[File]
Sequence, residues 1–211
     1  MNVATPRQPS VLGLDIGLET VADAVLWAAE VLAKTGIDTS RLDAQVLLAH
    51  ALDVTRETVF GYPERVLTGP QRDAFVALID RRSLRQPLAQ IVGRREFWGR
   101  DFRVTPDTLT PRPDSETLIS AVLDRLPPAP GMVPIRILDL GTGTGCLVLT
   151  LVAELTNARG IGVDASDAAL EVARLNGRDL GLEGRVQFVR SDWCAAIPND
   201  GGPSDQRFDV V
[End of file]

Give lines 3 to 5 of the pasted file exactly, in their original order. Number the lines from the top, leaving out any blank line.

    51  ALDVTRETVF GYPERVLTGP QRDAFVALID RRSLRQPLAQ IVGRREFWGR
   101  DFRVTPDTLT PRPDSETLIS AVLDRLPPAP GMVPIRILDL GTGTGCLVLT
   151  LVAELTNARG IGVDASDAAL EVARLNGRDL GLEGRVQFVR SDWCAAIPND